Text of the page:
Playing to the Preschool Crowd

The landscape of experiential licensing and promotions has diversified over the years, with licensors now highlighting their properties through signature hotels, escape room themes, blood drives, and much more, depending on the brand image and/or content associated with the IP. But when it comes to creating experiences for the preschool set, property owners tend to focus on the tried-and-true, and that means live performances.

Some of the many preschool-centric stage shows that were announced or have premiered in 2018:

  • Fred Rogers Productions is developing a math-based musical tied to Peg + Cat, produced by the Brad Simon Organization and Bay Area Children’s Theatre and set to travel across the U.S. One unique element: Purdue University researchers will be on-site to measure the show’s immediate impact on attendees’ math skills.
  • Andersen Press partnered with Selladoor Family and MEI Theatrical for a U.K. stage tour to support Elmer the Patchwork Elephant’s 30th anniversary. The show, which runs through June 2019, is based on the original David McKee book and is the first stage show for the property in a decade.
  • Entertainment One and Round Room Presents are producing a PJ Masks stage show. The production, set to run through the first quarter of 2019, will feature a new character from the series, PJ Robot, as well as the three animated stars.
  • The Copyrights Group paired with Butlin’s for a stage show called Paddington at the Seaside, taking its theme from the location of this British chain of beach resorts. The show will debut at three resorts in early 2019 and will include opportunities for meet-and-greets with the character.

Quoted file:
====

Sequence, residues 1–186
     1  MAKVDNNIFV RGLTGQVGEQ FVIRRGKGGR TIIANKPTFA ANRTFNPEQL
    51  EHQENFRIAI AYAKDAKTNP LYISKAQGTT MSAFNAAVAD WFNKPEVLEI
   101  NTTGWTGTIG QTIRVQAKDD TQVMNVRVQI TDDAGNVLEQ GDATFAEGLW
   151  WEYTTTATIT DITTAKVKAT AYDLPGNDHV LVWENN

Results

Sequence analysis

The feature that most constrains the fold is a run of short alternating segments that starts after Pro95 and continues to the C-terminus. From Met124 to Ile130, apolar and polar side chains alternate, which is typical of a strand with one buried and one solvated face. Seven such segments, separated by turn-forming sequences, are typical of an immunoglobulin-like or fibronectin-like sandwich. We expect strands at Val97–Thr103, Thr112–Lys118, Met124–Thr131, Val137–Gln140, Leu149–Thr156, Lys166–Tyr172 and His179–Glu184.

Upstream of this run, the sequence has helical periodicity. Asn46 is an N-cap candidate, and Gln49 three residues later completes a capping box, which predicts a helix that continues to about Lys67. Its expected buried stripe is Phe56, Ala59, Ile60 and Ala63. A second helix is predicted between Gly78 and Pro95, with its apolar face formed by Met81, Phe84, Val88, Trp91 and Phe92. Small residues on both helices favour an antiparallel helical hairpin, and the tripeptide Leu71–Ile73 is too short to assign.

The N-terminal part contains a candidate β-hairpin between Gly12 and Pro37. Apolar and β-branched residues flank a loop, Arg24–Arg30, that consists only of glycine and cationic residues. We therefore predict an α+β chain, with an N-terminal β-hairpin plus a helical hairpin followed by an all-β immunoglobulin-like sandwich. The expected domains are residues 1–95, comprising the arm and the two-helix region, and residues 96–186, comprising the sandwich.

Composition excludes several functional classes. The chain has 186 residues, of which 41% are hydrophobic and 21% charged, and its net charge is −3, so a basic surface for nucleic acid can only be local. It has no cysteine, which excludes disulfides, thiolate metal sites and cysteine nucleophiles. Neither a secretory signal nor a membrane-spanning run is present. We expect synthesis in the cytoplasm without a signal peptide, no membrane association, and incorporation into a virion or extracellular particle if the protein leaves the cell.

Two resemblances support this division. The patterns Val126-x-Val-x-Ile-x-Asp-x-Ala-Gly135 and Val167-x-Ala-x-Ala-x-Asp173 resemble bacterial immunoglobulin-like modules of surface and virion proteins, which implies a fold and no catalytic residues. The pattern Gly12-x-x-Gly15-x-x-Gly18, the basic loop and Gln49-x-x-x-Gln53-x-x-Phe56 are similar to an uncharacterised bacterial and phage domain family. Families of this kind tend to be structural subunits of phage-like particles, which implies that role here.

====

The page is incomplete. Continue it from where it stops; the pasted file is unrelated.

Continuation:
• CBS Consumer Products licensed The Children’s Theatre Company for a production based on two of author Don Freeman’s books, Corduroy and A Pocket for Corduroy. The play, with its message of friendship, had its world premiere as part of the Minneapolis’ theater’s 2017-2018 season.
  • Nelvana and Round Room Presents are developing a stage show that will tour worldwide, based on the preschool series Ranger Rob. The schedule will begin with a trip around Canada, where the series airs on Treehouse TV, in 2019.
  • Walker Books collaborated with Selladoor Family and ABA International Touring U.K. for a stage adaptation of the book Guess How Much I Love You by Sam McBratney and Anita Jeram. The production debuted at The Arts Theatre London in December 2017, followed by spring and fall tours this year.
  • DHX Brands and Millennium Entertainment International collaborated on a live tour tied to Twirlywoos. The show premiered in 2018 and includes the U.K. and Eire, the Middle East, Spain, and Australia in its schedule.
  • Minor Entertainment premiered Bing Live, based on the British TV series licensed by Acamar Films, in 2018, with 40 cities across the U.K. initially on the roster. In July, the partners announced an extension of the tour into 2019, bringing the total up to 60 shows.
  • El Bebe Productions and agent Surge Licensing retained Brooke-Mauchline Productions and Nicoll Entertainment for a series of live events in the U.K. based on Little Baby Bum, a YouTube series.
  • Stageworks Media and Broadway Licensing gained the rights to adapt Beat Bugs, licensed by Centa IP, into a musical stage show. The Netflix series is based on storylines of Beatles songs, with covers by leading musical artists included in each episode. The live show is in development.
  • Mills Entertainment, licensee to a wide portfolio of properties, secured the rights to Daniel Tiger and friends from the Fred Rogers Company. The production, Daniel Tiger’s Neighborhood Live! King for a Day, currently is scheduled to travel the U.S. from December 2018 though May 2019, after earlier dates in spring 2018. The partners have worked together previously on the property.
  • Nickelodeon, VStar Entertainment Group, and Koba Productions brought back the Bubble Guppies for another live tour, Bubble Guppies Live! Ready to Rock, in 2018. It hit 30 cities in the spring.

Stage shows such as these are not just for preschoolers, of course; properties of many types have been involved in similar experiences. Stage productions are particularly relevant in the preschool space, however. Not only do they generate awareness, fan loyalty, and revenue, as any experiential event does, but from a learning standpoint they help reinforce the social-emotional concepts, imagination, and other educational themes associated with the core property.

For the licensees, meanwhile, these types of shows are a way to help create the next generation of live theater fans.

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